FAA Grounds SpaceX Starship, Requires 63 Corrective Steps for Safety


The Federal Aviation Administration ruled on Friday that SpaceX, owned by Elon Musk, must keep the Starship Super Heavy rocket on the ground until it has completed 63 corrective steps.

The rocket exploded mid-flight during the launch in April, and the FAA has officially finished its investigation. The CEO of SpaceX, Elon Musk, stated on Tuesday that “Starship is ready to launch, pending FAA license approval” in a post on X (previously Twitter), which he now controls.

The corrective measures include redesigning the vehicle’s hardware to prevent leaks and fires, strengthening the launch pad, adding more reviews to the design process, analyzing and testing additional safety-critical systems and components, such as the Autonomous Flight Safety System, and implementing more change control procedures.

The FAA has determined that SpaceX must take all corrective actions that have an impact on public safety before it can resume Starship launches at its facility in Boca Chica, Texas. The company must also apply for and be granted an FAA license modification that addresses all of its safety and other environmental regulatory requirements.

 A request for comment from SpaceX did not receive a prompt response.

The SpaceX accident inquiry was overseen by the FAA, with NASA and the National Transportation Safety Board acting as authorized observers. The full report of the accident investigation won’t be made public because it contains sensitive information, including specifics on US export rules.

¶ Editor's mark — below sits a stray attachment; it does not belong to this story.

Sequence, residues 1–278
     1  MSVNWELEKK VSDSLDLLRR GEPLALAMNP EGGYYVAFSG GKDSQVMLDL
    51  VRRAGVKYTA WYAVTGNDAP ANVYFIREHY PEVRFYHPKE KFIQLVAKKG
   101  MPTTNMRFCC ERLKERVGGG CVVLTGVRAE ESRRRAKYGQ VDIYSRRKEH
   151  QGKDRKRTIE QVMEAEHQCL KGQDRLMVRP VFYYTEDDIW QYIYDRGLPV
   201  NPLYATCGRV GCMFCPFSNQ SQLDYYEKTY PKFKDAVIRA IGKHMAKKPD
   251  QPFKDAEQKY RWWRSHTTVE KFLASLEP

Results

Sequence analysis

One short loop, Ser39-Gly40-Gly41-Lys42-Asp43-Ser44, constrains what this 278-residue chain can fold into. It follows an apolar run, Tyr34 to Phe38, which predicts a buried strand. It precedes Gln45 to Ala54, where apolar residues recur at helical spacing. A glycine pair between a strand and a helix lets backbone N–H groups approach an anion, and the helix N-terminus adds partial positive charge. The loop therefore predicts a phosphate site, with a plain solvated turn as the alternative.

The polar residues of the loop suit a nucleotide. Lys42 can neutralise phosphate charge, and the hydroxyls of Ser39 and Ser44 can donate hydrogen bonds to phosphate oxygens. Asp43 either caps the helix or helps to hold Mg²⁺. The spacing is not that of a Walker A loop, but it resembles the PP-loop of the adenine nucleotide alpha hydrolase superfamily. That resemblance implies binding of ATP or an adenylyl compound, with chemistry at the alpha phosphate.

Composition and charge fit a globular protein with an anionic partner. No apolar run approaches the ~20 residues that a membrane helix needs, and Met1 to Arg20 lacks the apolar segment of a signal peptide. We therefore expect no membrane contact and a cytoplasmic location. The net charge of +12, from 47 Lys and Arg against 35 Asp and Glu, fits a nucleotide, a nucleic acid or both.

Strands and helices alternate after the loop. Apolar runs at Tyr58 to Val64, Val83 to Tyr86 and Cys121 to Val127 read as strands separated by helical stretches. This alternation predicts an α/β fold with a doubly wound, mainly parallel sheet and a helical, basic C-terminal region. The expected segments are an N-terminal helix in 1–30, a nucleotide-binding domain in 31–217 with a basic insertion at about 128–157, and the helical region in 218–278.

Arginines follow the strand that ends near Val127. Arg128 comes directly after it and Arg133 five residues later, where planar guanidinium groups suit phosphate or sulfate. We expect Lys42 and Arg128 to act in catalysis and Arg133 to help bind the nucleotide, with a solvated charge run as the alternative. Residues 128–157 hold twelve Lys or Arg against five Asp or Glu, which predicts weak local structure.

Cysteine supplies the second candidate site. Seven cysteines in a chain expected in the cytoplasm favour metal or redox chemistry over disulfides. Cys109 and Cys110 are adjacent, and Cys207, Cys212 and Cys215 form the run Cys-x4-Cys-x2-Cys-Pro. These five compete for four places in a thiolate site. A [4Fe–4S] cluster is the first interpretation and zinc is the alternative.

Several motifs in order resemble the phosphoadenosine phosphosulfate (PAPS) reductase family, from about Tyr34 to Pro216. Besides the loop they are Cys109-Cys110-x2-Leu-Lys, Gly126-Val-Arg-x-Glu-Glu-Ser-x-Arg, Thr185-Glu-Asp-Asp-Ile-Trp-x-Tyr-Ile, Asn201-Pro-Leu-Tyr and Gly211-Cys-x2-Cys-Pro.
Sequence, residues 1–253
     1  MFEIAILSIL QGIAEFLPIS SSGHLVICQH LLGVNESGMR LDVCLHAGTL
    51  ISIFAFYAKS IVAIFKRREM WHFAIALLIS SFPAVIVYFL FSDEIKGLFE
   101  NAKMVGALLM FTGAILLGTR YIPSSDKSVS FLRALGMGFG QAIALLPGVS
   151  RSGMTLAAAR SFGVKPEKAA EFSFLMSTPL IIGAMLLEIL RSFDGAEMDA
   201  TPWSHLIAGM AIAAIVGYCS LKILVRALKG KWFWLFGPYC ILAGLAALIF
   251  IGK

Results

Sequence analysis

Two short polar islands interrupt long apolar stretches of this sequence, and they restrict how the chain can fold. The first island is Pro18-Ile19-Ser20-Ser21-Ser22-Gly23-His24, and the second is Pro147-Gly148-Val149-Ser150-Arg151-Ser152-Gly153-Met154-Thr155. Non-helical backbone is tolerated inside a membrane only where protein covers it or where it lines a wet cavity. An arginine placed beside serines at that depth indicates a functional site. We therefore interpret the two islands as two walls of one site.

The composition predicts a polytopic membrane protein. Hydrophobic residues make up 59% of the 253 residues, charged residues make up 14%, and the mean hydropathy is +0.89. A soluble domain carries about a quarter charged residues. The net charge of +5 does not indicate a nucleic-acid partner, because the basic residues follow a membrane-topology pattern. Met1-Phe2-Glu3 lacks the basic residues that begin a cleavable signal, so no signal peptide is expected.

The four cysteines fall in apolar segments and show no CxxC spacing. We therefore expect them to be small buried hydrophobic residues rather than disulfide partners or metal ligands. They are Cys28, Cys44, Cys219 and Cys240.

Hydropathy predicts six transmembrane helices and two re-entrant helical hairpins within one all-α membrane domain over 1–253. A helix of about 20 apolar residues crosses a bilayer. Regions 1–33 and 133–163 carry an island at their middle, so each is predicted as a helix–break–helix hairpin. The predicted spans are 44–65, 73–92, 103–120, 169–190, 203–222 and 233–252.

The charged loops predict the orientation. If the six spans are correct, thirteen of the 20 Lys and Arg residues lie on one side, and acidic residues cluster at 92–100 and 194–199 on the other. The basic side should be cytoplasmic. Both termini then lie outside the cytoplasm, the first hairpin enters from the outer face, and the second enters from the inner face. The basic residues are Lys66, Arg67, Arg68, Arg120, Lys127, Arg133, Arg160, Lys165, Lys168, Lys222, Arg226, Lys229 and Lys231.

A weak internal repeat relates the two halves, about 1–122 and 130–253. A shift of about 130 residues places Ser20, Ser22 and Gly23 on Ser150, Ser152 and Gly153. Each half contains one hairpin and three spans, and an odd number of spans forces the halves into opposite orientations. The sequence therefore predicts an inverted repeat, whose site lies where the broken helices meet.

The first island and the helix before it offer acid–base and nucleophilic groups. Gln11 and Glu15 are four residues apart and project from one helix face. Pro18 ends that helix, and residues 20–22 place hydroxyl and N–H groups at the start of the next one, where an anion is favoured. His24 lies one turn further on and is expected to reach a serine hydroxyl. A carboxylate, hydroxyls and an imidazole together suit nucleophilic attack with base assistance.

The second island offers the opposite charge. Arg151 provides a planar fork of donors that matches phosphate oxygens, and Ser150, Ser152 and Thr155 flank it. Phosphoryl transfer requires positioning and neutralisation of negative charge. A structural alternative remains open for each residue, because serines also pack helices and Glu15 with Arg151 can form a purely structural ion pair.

Read Also: Elon Musk’s SpaceX Loan: $1 Billion Sought While Twitter Deal Takes Shape

A Costly Test Flight and Environmental Impact

The Federal Aviation Administration ruled on Friday that SpaceX, owned by Elon Musk, must keep the Starship Super Heavy rocket on the ground until it has completed 63 corrective steps.

The approximately 400-foot-tall rocket used for the first Starship launch flew for more than three minutes, but it lost many engines, seriously damaged the ground’s infrastructure, and failed to reach space after starting to tumble and was deliberately destroyed in the air.

The test flight and explosion created a crater in the earth, damaged the delicate ecosystem that supports several endangered wildlife species, and drove concrete debris into nearby tanks and other equipment. Also, it ignited a fire on state park property that engulfed around 4 acres.

Environmental and cultural heritage organizations sued the FAA after the first Starship test flight, alleging that the agency had failed to provide adequate environmental monitoring when approving SpaceX’s plans to launch from Boca Chica. SpaceX joined the FAA as a defendant in that litigation.

The success of the company’s Starlink satellite broadband service depends on the Starship program. More than 50 nations can access the internet through SpaceX’s Starlink, a global network of more than 4,000 satellites.

While the service has made it possible for soldiers to communicate on the battlefield in Ukraine, Musk has also used Starlink to affect the tactics and results of those battles.

According to a recent biography of the CEO, he gave engineers the order to halt Starlink’s satellite network operations over Crimea in order to stop Ukraine from attacking Russian vessels.

Read Also: Elon Musk’s Decision to Withhold Starlink Over Crimea: A Bid to Prevent Escalation

Source: CNBC

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